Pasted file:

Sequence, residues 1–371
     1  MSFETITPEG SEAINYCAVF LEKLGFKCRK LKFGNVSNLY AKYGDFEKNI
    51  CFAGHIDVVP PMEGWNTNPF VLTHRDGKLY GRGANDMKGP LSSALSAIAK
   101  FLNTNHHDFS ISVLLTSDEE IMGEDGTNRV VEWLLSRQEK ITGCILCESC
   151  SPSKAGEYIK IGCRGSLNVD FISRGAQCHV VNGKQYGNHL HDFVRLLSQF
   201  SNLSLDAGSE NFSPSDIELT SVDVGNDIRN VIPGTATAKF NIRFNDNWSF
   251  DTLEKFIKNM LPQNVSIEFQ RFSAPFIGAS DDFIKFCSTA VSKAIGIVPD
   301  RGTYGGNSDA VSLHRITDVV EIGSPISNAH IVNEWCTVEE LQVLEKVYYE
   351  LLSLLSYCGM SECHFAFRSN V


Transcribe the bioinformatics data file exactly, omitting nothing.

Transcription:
Sequence, residues 1–371
     1  MSFETITPEG SEAINYCAVF LEKLGFKCRK LKFGNVSNLY AKYGDFEKNI
    51  CFAGHIDVVP PMEGWNTNPF VLTHRDGKLY GRGANDMKGP LSSALSAIAK
   101  FLNTNHHDFS ISVLLTSDEE IMGEDGTNRV VEWLLSRQEK ITGCILCESC
   151  SPSKAGEYIK IGCRGSLNVD FISRGAQCHV VNGKQYGNHL HDFVRLLSQF
   201  SNLSLDAGSE NFSPSDIELT SVDVGNDIRN VIPGTATAKF NIRFNDNWSF
   251  DTLEKFIKNM LPQNVSIEFQ RFSAPFIGAS DDFIKFCSTA VSKAIGIVPD
   301  RGTYGGNSDA VSLHRITDVV EIGSPISNAH IVNEWCTVEE LQVLEKVYYE
   351  LLSLLSYCGM SECHFAFRSN V